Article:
Metro Toronto Zoo

PROJECT:

Metro Toronto Zoo

LOCATION:

Toronto

APPLICATION:

Standing Seam Roofing

ARCHITECT:

Joint Venture between: Clifford Lawrie Bolton Ritchie Architects, Crang and Boake Architects, Ron Thom Architect, Yolles Engineers

CONTRACTOR:

Heather and Little Limited

METAL SUPPLIER:



DESCRIPTION:

When the Metro Toronto Zoo opened in 1975, a new philosophy about what zoos were and how they functioned was part of the discussion
that, in turn, resulted in the radical new design of the various pavilions. These included the African and Malaysian pavilions.



The design of the buildings was carried out by a consortium of firms, Clifford Lawrie Bolton Ritchie Architects, Crang and Boake Architects,
Ron Thom Architect, and Yolles Engineers. Part of the intention behind the design was to separate the collections of animals and plants on a geographic basis, versus a species basis. Added later were smaller pavilions housing animals from the Americas and Australasia.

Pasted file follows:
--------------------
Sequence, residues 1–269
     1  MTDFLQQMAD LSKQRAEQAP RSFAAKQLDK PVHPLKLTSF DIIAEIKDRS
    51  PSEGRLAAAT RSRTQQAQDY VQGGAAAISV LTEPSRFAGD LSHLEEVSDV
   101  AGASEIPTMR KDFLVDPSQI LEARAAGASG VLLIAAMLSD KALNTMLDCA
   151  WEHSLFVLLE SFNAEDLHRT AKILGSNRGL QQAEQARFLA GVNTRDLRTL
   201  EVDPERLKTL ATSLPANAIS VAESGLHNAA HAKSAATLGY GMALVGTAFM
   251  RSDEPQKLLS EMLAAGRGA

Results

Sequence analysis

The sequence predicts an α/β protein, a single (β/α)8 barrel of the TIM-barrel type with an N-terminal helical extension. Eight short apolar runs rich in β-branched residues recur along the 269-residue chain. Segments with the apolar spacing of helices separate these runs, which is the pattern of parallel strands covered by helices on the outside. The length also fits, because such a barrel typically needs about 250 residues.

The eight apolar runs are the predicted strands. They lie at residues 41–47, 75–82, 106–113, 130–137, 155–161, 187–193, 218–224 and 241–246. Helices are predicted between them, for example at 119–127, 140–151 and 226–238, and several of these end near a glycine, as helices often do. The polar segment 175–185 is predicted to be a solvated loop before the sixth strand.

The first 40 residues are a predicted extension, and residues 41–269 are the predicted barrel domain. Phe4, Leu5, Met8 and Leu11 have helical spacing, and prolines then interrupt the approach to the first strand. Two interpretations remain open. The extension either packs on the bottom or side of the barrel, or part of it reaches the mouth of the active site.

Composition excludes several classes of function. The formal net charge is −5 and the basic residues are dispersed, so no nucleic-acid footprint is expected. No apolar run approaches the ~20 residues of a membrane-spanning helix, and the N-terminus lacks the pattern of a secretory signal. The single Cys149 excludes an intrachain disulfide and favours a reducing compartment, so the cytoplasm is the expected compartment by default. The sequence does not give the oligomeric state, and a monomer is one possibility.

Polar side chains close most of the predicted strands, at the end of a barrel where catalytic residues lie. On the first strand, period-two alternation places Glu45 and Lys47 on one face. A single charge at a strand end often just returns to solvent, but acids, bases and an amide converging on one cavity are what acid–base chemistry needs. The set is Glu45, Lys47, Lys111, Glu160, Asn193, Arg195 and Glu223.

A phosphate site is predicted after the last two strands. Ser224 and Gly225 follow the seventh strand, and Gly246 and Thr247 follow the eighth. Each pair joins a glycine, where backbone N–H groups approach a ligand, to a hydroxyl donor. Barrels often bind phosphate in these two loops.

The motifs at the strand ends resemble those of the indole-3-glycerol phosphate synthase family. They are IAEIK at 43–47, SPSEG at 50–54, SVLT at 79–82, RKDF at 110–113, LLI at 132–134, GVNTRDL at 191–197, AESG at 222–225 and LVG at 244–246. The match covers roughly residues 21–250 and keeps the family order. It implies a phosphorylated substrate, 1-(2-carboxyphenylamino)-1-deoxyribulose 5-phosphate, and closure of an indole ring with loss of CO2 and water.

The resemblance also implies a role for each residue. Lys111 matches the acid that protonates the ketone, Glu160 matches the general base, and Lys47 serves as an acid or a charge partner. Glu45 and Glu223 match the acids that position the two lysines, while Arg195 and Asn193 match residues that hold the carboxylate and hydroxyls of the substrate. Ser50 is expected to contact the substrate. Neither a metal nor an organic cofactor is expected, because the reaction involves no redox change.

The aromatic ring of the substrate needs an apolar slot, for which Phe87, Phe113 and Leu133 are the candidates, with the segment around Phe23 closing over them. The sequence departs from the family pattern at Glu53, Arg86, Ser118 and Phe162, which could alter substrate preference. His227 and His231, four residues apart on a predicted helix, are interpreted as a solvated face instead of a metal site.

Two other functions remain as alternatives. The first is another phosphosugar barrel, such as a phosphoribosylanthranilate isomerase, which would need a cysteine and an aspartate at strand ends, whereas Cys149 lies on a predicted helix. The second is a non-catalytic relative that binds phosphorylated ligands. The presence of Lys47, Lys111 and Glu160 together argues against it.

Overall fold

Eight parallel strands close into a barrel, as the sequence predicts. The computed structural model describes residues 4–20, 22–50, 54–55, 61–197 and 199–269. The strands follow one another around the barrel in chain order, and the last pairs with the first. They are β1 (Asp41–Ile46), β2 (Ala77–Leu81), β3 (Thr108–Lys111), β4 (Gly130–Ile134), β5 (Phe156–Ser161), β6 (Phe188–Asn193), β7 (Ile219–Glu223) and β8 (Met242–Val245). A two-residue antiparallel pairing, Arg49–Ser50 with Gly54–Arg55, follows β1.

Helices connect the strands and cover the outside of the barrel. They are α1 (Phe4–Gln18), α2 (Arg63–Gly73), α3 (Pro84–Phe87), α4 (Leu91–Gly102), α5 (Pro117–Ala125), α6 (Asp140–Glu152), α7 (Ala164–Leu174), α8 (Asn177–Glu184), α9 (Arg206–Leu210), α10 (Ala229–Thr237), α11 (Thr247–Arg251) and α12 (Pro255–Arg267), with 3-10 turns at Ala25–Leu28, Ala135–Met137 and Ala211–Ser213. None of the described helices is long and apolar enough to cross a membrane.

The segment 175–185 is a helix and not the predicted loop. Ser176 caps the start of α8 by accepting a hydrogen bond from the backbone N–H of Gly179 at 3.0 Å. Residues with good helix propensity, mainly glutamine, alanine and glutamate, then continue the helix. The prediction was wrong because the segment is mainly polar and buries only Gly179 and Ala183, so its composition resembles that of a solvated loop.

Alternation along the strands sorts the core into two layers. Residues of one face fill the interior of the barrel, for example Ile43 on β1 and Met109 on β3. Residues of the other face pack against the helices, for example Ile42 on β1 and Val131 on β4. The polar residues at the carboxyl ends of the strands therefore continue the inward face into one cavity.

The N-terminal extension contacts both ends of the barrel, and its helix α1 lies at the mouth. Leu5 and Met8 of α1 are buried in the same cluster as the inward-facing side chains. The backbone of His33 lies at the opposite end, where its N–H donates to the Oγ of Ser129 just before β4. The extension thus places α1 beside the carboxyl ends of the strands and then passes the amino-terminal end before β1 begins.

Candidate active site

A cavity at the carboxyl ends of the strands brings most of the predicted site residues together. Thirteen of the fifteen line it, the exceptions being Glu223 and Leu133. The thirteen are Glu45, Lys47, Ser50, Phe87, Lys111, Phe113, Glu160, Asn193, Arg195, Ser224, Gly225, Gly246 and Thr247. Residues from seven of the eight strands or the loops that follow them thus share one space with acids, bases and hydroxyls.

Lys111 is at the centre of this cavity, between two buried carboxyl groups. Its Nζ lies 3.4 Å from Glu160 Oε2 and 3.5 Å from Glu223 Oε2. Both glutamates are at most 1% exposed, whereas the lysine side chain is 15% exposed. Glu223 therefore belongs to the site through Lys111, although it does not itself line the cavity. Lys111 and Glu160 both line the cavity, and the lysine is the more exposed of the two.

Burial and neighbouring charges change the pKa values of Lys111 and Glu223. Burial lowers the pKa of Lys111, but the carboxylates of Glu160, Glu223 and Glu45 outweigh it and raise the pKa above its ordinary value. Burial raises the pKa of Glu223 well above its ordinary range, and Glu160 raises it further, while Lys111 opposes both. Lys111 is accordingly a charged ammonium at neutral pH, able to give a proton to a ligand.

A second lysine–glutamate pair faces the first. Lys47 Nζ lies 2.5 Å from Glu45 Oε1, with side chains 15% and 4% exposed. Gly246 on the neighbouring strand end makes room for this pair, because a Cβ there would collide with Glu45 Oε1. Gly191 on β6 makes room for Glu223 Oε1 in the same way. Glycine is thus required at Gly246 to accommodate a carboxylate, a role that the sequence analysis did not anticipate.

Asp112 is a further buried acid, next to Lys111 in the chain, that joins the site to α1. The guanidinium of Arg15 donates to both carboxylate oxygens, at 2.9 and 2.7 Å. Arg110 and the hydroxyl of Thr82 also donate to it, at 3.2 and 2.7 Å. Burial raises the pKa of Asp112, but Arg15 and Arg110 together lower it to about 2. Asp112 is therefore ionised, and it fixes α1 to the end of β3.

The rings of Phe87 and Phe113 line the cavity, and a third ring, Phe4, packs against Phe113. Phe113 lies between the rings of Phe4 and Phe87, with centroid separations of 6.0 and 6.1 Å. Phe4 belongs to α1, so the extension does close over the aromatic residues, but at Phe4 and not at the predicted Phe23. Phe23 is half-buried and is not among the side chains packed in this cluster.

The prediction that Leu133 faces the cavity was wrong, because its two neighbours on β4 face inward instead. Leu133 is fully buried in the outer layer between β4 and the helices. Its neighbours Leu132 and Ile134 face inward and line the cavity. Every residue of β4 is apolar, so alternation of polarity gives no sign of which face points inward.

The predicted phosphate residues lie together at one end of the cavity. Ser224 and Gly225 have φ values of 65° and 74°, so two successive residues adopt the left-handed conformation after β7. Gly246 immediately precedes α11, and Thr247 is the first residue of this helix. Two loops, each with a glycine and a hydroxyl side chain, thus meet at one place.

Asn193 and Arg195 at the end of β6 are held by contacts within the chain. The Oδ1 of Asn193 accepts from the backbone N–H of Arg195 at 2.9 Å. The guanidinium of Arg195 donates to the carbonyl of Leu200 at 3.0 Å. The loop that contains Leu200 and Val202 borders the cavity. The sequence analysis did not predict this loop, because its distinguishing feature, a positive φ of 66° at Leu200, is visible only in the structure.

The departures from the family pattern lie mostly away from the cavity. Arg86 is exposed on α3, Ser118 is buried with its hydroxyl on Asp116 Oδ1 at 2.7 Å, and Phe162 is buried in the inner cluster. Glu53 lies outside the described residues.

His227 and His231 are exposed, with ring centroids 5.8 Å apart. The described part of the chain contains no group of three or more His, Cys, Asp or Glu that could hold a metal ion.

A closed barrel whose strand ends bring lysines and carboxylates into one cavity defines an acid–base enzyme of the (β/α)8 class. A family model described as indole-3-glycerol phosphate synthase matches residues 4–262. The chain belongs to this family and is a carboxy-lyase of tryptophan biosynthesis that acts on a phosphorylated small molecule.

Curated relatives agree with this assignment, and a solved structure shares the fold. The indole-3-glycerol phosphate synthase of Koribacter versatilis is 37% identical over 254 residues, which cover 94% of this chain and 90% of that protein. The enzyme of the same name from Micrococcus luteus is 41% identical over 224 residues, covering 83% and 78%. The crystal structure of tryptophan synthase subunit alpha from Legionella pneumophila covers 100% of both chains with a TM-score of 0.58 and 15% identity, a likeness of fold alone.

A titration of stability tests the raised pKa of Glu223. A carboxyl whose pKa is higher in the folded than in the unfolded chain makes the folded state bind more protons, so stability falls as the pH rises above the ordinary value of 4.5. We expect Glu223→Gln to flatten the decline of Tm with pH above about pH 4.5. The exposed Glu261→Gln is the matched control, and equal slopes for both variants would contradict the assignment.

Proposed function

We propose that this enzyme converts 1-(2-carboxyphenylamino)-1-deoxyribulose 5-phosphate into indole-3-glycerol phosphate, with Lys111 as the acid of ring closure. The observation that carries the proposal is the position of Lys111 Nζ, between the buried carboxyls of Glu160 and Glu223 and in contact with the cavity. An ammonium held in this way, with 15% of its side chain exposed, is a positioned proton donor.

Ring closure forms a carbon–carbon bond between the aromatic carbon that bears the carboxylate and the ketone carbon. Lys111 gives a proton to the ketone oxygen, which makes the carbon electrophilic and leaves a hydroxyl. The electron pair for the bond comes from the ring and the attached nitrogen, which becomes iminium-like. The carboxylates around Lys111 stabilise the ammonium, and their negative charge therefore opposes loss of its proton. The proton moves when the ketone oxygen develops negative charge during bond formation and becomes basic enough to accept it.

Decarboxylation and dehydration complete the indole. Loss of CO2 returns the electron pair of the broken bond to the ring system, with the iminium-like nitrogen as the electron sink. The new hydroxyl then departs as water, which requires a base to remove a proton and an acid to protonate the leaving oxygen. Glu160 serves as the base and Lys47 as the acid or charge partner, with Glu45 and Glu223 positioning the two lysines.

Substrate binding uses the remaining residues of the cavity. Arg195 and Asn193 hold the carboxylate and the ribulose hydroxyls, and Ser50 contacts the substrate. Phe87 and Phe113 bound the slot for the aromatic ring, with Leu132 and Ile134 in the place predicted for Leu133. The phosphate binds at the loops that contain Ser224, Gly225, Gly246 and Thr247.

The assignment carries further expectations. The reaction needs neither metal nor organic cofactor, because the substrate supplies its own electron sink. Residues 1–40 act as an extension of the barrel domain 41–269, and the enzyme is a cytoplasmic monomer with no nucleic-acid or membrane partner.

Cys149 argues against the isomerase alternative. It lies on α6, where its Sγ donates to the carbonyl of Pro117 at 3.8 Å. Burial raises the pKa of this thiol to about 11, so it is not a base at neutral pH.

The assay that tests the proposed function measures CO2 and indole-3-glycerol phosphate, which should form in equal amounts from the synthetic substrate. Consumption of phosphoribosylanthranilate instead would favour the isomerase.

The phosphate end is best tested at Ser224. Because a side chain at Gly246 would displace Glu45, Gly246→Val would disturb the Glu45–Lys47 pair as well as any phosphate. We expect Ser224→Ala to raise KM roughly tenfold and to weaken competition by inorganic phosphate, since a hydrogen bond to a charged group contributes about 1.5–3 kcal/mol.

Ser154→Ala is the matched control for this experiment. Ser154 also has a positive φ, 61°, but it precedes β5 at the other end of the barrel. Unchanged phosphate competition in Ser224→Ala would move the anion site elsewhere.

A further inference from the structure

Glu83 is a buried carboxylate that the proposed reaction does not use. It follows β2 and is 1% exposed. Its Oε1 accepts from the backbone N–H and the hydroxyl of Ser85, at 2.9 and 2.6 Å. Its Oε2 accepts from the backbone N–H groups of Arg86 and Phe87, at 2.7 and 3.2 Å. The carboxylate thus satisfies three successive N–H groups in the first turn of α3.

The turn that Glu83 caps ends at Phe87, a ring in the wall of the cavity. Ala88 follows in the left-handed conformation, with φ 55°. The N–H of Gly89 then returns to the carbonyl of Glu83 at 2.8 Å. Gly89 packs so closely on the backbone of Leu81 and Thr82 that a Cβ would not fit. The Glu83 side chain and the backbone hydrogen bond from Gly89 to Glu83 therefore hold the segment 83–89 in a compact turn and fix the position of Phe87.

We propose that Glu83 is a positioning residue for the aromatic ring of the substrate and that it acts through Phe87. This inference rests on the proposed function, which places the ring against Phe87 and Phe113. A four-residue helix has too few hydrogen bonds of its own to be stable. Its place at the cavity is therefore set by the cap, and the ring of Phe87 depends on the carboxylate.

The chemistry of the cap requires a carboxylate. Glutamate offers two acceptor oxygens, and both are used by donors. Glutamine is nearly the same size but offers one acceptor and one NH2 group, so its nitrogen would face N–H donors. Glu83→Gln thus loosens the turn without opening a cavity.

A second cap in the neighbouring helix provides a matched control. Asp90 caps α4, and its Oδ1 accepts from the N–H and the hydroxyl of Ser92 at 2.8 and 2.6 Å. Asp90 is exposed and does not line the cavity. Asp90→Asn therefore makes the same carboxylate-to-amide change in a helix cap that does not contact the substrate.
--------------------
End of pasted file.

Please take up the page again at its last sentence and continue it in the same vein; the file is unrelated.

An important design element of the structures is the copper roofs featured on many of the pavilions. Copper, due to its superior performance
and lack of maintenance requirements is the perfect material for these soaring structures. Combined with its long service life, which can
extend hundreds of years, copper was the best roofing choice, especially considering how its great natural beauty plays off the zoo's
Rouge Valley setting.



As you can see from the accompanying images, the copper has progressed from its initial salmon-red colour through brown and black,
and is just blossoming now into its natural greenish-gray colour. The irregular shapes of the roofs themselves have slowed this process
down from what would normally be expected. However, in terms of performance, it is expected that the roofs will perform for many more decades.